When I was small, my parents both worked in New York City–my father was an early systems analyst, and my mother was a proofreader. To tell the truth, my mother wasn't cut out for the job of full-time mommy, so they made a radical decision for the mid-60s, and shipped me upstate to my grandmother, who lived in Walden, NY.
Her house was on Main Street, which really was a Main Street–a long hill with our neighbor the Presbyterian church at the top and the bank at the bottom. Along the way was the Woolworth's, which was still a 5 & 10 cent store. The local beauty parlor was at the foot of the hill around the corner from the bank, and so my Gaga and I made the trip about once a week. I would run or skip ahead of her as fast as I could down the hill, and turn around at the telephone pole at the bottom, to wait for her more stately progress with her cane.
Walden was like most little upstate towns: almost all white; and I am not. So it wasn't too surprising that one afternoon this outing turned sour. A bunch of older kids started to follow me down the hill. (I was three or four; they were about eight.) I could hear their whispering and giggles; I could feel their hostility burning through my back. I was terrified.
But I instinctively refused to give them the satisfaction of my panic. I didn't look behind me, but continued down to the telephone pole, my heart hammering. There, I turned around as usual and faced them–with my eyes shut–to wait for some piece of future that was a blank grey of anticipated horror. But I was stoic Tiger Lily. No blood in the water for those nasty little sharks.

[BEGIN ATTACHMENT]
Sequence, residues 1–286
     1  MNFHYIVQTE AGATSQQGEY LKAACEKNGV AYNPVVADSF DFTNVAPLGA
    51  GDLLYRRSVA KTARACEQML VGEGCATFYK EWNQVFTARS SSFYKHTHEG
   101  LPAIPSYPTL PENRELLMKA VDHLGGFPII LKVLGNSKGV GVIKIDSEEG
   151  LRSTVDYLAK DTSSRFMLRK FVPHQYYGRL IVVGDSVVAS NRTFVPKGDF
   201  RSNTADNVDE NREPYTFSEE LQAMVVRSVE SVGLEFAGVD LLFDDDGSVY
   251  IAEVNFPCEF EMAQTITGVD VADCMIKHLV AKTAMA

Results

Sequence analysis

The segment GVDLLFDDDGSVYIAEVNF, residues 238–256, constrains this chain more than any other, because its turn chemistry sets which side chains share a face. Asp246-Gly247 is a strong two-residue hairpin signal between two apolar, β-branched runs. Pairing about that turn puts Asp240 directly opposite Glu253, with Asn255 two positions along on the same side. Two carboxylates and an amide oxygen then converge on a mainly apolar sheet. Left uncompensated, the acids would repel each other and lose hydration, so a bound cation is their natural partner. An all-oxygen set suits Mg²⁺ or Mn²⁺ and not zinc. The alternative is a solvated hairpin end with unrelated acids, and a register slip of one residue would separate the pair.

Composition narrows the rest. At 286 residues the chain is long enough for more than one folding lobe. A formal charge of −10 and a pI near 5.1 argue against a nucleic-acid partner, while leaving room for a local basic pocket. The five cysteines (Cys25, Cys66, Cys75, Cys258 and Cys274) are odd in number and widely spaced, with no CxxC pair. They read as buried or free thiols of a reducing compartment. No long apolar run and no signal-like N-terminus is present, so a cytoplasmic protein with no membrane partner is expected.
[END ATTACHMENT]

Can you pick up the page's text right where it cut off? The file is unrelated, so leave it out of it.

Then there came a wonderful screaming. My 75-year-old Gaga came thundering down the hill, brandishing her cane. I wanted that cane to break their bones; they sensed doom too, and slunk off. She gathered me up and I began to cry hysterically. It took a long time for me to be brave enough to leave Gaga's side when we went downtown after that.
But when I was alone in what to me was a huge backyard, it was heaven: Rosebushes and beds of tulip and hyacinth; my tricycle and the jungle gym my dad put up for me. (My favorite part was the post-hole digger and pouring the magical cement.)
And when it snowed, it covered the quiet streets as snow should always do; I would look out at it through the dusty-smelling lace curtains and watch the whiteness turning everything into a something else from a tale of wonder. And when bundled into the inevitable snowsuit and boots, even with less movement than an astronaut, the snow came over my knees. It didn't do that again until I moved to Wisconsin as an adult; I spent the rest of my childhood thinking about Walden as a Golden Age.
Fifteen or sixteen years later, I was on a trip with some friends, and we passed the sign on the New York Thruway. So I coaxed, and there we went. Main Street was, of course, easy to find. The bank was still there, and so was the church. (I think Woolworth's might have been gone.) And there was my grandmother's house.
It was a big staggering eyesore, with clapboards held together with chunks of peeling paint–just another rental house in just another small town in upstate New York. And when I went around back to the backyard, I was stunned at how tiny it was. I was in tears; partly from missing my Gaga, and partly from how shoddy the reality behind the magic was.
Thirty years later, heaven alone knows what it's like–and I refuse to Google to find out. Maybe it's gone the way of the kids around the telephone pole. But I prefer to think that the snow still makes a Christmas card that a toddler can take for granted, because that's what a small safe world is. That's what we need our small towns to be, peeling paint notwithstanding.